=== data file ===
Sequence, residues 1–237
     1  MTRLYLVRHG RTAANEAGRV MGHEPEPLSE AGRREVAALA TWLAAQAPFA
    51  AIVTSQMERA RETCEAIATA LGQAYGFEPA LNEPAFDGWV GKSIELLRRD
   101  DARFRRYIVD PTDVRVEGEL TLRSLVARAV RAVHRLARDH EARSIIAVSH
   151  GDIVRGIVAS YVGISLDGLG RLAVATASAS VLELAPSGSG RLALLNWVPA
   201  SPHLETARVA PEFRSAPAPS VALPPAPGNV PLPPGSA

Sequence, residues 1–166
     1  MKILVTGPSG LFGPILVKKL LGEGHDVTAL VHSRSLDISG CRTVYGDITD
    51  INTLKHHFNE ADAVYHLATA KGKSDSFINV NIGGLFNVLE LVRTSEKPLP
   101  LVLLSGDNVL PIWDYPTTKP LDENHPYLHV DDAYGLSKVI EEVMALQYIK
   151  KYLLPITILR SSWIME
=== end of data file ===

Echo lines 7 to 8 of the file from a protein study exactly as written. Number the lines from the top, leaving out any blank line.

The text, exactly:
Sequence, residues 1–166
     1  MKILVTGPSG LFGPILVKKL LGEGHDVTAL VHSRSLDISG CRTVYGDITD